My Dogs Balls Are Natural
(if I only had a dollar for every time I’ve heard this…)
I hear ill thought out slipshod arguments all the time. Heck, isn’t that what the internet is for, cat and dog pictures and arm-chair experts? Probably the most common faulty argument I hear from many well-intentioned smart folks about why to keep their dog’s balls and ovaries intact rather than to spay and neuter is, “my dog’s balls are natural.” I’ll examine this argument and many other cursory, inattentive ones below. It is important to keep in mind that extreme anthropomorphism is not healthy for you or your dog.
Spaying and neutering is a hot topic (not hot pocket).
People get very worked up over this debate and it tends to polarize rather than unify pet parents. As with any decision you must weigh the risks vs rewards. However, it would behoove you as it is a privilege of being a pet parent, not a right, to make a responsible and healthy choice in the best interest of your dog or cat and to make sure your inchoate thoughts and arguments are sound, not based on faulty logic and backed by evidence before making decisions for another sentient being.
In reading a popular blog one day I came across dog parents defending their dog’s testicles as if they were 24 karat encrusted Olympic gold medals and some treasure to behold. They took great offence at the idea of spay and neutering. Which got me thinking about all of the myths, misconceptions and faulty arguments I hear about defending unneutered pets . Allow me to address some of the most popular myths and defenses for not spaying or neutering a dog or cat. There are so many anthropomorphic statements and misunderstandings about behavior and health on the internet, floating around cyber space and social media it is difficult to address them all.
First I’d like to state an axiom and cardinal rule of science, when the data changes so does science and opinions. Views and facts are not fixed and an absolute way of being. If leaving a dog intact and not spaying or neutering them was shown to cause a dog to live a healthier, longer life, I would also change my opinion on the subject. But the facts and science paint a clear picture and the current benefits of spaying and neutering typically far outweigh the negatives. So without further ado I present to you the:
Top 11 Reasons NOT to Spay and Neuter Your Pet Dog or Cat Debunked
- It’s Natural. (gag) My dog’s balls or having a menstrual cycle is natural.
Your logical fallacy is an appeal to nature. Just because something is natural does not mean that it is good, justifiable, inevitable or ideal. Please do not fall for the naturalist fallacy. Do you know what else dogs do in nature? Here are just a few unsavory things that dogs do in nature that intelligent, responsible, caring pet parents do not allow: Coprophagia (eating poop), eating the placenta after giving birth (yumm), having sex with siblings, relatives and parents (incest), eating foods and plants that will kill a dog or cat, cannibalism, and rape are all natural dog behaviors, however these are things we do not condone or allow. In fact, many dog breeds would not even be able to procreate without the advent of science and human intervention. These dogs are about as natural as Splenda and this argument is faulty.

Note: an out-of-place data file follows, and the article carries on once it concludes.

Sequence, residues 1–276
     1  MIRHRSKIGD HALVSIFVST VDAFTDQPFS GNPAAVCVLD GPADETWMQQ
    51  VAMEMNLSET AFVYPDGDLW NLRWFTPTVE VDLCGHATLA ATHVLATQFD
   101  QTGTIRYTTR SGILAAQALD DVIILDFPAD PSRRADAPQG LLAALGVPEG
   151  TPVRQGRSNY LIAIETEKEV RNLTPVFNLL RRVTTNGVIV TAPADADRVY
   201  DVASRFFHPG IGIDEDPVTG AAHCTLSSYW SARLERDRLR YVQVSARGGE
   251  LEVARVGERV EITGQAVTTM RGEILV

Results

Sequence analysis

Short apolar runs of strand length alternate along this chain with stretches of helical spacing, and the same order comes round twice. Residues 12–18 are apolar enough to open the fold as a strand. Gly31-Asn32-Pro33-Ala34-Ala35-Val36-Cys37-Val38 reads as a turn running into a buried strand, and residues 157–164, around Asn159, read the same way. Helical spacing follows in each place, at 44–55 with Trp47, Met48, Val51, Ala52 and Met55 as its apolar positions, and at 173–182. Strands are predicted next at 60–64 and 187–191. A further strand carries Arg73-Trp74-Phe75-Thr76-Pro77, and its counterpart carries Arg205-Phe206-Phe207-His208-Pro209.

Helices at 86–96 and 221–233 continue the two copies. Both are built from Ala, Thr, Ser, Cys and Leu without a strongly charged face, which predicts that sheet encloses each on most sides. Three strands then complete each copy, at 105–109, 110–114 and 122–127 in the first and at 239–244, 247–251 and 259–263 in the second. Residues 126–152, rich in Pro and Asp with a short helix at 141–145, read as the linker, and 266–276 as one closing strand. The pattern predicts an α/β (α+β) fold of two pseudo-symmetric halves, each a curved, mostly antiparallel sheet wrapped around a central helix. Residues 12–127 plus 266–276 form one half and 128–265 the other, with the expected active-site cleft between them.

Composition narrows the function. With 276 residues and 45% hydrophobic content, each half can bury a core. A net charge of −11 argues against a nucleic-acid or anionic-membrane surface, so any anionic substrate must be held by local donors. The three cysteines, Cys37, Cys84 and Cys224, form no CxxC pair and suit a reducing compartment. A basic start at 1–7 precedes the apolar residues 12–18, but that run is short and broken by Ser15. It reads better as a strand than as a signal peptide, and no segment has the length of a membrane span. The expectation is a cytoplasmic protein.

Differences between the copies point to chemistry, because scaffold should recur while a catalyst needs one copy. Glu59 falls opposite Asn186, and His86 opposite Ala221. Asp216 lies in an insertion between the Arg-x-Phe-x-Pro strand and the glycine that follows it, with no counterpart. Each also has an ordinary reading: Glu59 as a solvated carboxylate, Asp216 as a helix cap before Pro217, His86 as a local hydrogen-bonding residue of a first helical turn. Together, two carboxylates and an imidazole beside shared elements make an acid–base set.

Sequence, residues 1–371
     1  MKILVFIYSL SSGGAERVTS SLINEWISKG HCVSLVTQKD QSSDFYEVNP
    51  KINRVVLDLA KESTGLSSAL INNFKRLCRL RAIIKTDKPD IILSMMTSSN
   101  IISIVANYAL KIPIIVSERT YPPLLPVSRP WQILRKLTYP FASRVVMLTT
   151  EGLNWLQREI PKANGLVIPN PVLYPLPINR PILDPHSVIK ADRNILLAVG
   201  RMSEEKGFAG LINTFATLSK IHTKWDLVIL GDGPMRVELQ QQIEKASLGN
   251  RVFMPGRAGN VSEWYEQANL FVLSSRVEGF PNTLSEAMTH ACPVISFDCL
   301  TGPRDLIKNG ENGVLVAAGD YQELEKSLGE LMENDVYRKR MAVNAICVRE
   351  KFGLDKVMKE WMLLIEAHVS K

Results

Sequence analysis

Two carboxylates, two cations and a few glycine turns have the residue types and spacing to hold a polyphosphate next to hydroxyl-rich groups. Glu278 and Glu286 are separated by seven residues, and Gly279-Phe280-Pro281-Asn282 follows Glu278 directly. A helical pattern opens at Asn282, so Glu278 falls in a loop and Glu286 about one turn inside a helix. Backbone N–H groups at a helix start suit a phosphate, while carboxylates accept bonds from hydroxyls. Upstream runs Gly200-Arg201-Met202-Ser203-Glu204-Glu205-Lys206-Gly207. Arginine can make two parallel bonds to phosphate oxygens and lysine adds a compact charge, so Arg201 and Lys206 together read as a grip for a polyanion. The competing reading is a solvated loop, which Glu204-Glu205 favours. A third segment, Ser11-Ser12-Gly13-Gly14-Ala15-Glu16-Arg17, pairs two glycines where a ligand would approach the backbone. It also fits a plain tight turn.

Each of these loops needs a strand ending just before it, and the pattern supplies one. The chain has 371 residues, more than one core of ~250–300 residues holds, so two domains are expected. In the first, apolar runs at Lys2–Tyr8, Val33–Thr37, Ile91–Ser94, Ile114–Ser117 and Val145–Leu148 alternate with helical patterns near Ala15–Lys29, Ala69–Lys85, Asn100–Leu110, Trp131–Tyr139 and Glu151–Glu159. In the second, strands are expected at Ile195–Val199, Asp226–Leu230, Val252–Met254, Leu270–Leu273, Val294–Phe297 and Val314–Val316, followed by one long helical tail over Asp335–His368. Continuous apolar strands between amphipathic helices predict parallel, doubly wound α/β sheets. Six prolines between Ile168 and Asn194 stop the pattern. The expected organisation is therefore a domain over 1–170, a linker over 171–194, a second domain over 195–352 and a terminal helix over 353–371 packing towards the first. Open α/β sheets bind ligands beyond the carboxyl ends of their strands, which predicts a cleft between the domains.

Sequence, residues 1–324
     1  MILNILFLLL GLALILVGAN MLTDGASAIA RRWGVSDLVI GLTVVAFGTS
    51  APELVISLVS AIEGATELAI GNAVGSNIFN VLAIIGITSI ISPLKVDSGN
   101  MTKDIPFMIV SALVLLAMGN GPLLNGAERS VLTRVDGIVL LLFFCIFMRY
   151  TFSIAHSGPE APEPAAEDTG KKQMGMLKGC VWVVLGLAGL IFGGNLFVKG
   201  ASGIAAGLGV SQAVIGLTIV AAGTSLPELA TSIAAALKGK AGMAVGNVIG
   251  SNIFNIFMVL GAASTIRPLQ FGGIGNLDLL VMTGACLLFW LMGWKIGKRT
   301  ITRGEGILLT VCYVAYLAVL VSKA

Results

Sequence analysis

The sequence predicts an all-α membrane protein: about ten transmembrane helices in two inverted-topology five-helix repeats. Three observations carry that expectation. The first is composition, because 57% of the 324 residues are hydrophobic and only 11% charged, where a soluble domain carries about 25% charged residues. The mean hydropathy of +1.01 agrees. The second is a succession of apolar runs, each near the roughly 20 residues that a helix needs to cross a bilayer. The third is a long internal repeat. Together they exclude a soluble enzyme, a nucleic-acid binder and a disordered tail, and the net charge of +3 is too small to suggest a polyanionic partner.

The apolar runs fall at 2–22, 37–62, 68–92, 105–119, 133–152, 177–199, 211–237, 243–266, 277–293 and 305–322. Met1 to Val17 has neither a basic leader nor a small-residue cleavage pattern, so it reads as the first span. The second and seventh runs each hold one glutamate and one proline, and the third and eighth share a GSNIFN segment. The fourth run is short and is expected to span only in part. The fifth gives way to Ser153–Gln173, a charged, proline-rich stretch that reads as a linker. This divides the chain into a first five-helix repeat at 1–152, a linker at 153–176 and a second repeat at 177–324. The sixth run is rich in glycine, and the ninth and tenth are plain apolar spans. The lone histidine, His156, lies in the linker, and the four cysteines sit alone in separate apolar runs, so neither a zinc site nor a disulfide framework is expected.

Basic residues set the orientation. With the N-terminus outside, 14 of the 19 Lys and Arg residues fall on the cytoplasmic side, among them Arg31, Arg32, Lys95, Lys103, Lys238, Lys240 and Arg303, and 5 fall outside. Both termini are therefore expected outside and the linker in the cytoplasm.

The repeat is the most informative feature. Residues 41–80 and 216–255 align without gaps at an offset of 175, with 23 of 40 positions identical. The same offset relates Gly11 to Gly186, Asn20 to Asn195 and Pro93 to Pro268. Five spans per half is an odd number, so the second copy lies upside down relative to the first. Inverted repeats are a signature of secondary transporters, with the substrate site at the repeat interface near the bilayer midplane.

- Appeal to Emotion. How could you possibly let your dog live without his testicles or ovaries! That is so cruel to steel your dog’s ability to reproduce! Think about doing that to your husband, wife, kids and the mental torment they would be in so I would not dare do that to my dog or cat!
False. Does this sound rational to you? Any attempt to manipulate an emotional response with anthropomorphism sprinkled on top in place of a valid or compelling argument is an appeal to emotion not an argument worth defending or having.
- There is no medical evidence that removing a dog’s testicles or having a dog spayed is medically healthy for them.
False (most of the time). Actually, there is lot’s of scientific evidence that having a dog’s testicles removed may extend your dog’s life by close to 2 years.5 Of course it also removes the possibility of some types of cancer as well. Caveat, there is contradictory information based on various factors, so each breed, husbandry, hereditary, and congenital lineage should be individually evaluated. For some breeds (Golden Retrievers) spay or neutering a dog below a certain age, or at all, is shown to be detrimental to your dog’s health. So do your research, as with life, it doesn’t sit still and changes all time.